Executive Director of Permian Basin Bethany Solis, didn’t always plan on having a career in education, the calling eventually found her. As a young adult living in New York City, Bethany spent time with families in the local community through volunteer work. She experienced the systemic inequities that kept excellent schools out of reach for children, she knew she had to make a change. Bethany graduated from Brigham Young University and immediately started her career in education as a bilingual elementary teacher in the Rio Grande Valley.
“Every career decision I make is informed and inspired by my experiences with students as a classroom teacher,” Bethany said. “I wanted to be a part of a K-12 system that obsessed over great teaching in every classroom every year.”
Bethany taught in Mercedes and Donna, Texas for four years before becoming the founding principal of IDEA Mission Academy. She was then a consultant for Educate Texas, where she helped local school districts implement the Early College High School model. Bethany returned to IDEA to lead the organization’s leadership development programs as VP of Leader Development for the past 6 years.
Let’s hear more from Bethany:
Can you share a little bit about your journey to become an Executive Director with IDEA?
A: My first principal at IDEA was a fantastic model of great leadership, and I lived what most teachers across the country experience—your decision to stay at a school rests primarily on the experience you have with your principal. I wanted to stay! In fact, not only did I want to stay, but I soon decided I wanted to follow in her footsteps as a principal.
However, my jump from teacher to principal was not an easy one—principalship can be hard! So, when I had the opportunity to launch the Principal in Residence Program in 2012, I jumped at it, hoping that I could help future leaders to be better prepared for the challenges of principalship.
Why Permian Basin – what are the benefits of moving and growing your career in this new region?
A: Much of my later childhood was spent in rural Northern California, in a community where life is slower paced, where drivers wave at each other as they pass by, and where neighbors rally together for each other. My dad, the local school district psychologist, would often travel out to far flung reaches of the district to visit children in their homes or teach parenting classes for families. My mom worked hard to help open the town’s self-funded library and to make sure a small food bank could support the many local families in need. I watched my parents and neighbors roll up their sleeves and go to work when the community had a true need. And when I first visited the Permian Basin, I met similarly committed people ready to roll up their sleeves and give their time, talents, and money to help transform their local education system.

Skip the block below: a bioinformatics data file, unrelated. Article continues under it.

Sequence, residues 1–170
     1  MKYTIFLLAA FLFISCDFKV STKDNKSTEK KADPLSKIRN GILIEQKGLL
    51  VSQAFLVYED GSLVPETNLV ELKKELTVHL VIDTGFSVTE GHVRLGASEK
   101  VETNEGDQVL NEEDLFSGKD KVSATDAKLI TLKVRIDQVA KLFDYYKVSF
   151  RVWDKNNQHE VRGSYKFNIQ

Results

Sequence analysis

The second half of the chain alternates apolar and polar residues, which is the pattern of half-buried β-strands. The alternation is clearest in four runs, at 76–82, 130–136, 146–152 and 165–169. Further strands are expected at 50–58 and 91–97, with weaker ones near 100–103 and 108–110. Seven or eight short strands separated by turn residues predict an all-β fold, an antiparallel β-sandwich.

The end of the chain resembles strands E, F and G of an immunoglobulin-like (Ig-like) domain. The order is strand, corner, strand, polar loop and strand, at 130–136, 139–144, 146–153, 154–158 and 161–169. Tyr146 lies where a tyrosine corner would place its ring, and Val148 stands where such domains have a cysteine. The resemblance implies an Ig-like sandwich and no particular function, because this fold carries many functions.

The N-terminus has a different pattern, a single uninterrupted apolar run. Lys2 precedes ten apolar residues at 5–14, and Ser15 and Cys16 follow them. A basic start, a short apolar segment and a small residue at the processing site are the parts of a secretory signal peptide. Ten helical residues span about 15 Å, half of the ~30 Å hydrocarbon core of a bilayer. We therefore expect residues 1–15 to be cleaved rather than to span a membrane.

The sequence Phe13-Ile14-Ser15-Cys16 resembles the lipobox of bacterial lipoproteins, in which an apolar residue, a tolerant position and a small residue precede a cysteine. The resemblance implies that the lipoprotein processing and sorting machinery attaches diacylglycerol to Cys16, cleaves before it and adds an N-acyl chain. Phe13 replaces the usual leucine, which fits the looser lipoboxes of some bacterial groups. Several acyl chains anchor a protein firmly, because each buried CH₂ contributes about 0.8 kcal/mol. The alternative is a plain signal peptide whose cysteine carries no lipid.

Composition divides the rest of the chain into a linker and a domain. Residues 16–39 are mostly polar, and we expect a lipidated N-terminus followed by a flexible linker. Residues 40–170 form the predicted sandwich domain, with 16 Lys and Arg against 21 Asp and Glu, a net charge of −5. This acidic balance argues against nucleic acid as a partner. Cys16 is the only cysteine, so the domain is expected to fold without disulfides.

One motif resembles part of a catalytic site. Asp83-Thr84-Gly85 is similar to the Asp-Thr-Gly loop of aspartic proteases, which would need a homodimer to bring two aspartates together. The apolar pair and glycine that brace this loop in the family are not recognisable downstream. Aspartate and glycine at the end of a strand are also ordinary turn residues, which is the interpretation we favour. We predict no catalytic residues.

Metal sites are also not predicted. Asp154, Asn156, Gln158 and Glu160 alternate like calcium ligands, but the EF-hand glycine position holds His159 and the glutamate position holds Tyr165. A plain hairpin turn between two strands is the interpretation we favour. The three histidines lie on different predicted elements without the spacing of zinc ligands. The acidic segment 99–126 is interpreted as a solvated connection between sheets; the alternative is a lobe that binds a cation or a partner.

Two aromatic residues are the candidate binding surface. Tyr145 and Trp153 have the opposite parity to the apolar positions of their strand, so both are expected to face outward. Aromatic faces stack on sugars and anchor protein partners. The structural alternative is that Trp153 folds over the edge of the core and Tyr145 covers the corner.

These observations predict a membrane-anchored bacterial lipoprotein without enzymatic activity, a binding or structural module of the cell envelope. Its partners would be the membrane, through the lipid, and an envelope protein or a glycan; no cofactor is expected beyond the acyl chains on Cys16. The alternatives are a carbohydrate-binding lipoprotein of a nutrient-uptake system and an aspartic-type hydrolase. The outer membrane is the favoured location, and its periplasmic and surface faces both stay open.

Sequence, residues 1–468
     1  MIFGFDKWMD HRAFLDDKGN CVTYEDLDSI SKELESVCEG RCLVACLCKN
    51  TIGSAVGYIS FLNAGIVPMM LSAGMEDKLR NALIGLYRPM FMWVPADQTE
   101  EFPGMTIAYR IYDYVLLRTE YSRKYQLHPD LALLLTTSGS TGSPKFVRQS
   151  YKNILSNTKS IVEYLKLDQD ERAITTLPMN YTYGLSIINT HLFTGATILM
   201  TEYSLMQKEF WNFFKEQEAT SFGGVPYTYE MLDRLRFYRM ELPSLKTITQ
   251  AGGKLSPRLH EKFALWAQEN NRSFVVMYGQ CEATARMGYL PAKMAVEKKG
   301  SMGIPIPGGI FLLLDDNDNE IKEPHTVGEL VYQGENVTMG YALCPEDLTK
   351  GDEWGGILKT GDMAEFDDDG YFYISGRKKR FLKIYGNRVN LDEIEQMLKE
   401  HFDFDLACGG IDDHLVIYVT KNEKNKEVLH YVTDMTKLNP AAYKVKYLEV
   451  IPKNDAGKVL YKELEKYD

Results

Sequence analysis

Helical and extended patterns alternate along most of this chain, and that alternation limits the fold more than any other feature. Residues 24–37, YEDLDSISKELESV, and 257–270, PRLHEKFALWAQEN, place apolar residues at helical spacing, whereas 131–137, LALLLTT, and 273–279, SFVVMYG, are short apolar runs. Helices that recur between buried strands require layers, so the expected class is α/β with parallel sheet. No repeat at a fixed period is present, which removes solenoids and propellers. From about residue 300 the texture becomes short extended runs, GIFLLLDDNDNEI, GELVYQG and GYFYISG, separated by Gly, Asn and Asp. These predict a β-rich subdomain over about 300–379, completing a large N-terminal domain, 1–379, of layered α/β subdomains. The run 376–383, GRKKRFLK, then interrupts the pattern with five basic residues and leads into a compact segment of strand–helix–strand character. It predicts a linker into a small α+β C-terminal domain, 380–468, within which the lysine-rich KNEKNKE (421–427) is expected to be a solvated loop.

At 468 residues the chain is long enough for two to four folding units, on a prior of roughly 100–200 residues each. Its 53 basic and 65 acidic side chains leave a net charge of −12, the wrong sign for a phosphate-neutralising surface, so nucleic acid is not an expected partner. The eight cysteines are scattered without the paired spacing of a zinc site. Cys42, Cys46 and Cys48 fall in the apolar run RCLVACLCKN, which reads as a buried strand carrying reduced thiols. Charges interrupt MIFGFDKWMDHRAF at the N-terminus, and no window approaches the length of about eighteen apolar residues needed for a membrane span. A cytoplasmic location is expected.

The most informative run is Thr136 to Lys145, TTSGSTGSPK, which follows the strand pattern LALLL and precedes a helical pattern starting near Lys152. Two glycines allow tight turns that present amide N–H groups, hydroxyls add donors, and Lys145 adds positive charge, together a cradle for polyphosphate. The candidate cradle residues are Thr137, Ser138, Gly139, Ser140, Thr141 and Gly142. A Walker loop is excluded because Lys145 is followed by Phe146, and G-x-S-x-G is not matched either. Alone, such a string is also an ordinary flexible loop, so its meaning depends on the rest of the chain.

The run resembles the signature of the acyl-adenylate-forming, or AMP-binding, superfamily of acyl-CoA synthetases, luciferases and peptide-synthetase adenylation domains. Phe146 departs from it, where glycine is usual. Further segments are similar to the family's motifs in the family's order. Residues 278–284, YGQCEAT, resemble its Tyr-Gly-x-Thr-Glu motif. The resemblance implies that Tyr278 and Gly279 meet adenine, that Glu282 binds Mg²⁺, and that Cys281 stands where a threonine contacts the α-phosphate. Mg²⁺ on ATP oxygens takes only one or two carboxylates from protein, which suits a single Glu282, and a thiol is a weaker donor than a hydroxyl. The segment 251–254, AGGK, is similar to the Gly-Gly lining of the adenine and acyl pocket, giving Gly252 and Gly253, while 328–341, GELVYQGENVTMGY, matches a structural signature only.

I’ve learned quickly that this is a region where people are willing to take risks and try new things—there’s a contagious “can-do” spirit of adventure that is energizing and exciting. The Midland/Odessa area is one of the fastest growing regions of the country. Civic and business leaders are working hard to invest in parks, recreation, the arts, and other amenities that help a boom town become a destination people want to stay in. There is no shortage of jobs in all industries—as IDEA grows its presence here, there will continue to be plenty of good, well-paying jobs for our employees’ spouses and other family members.
What has been the highlight of your career? Why do you do what you do every day?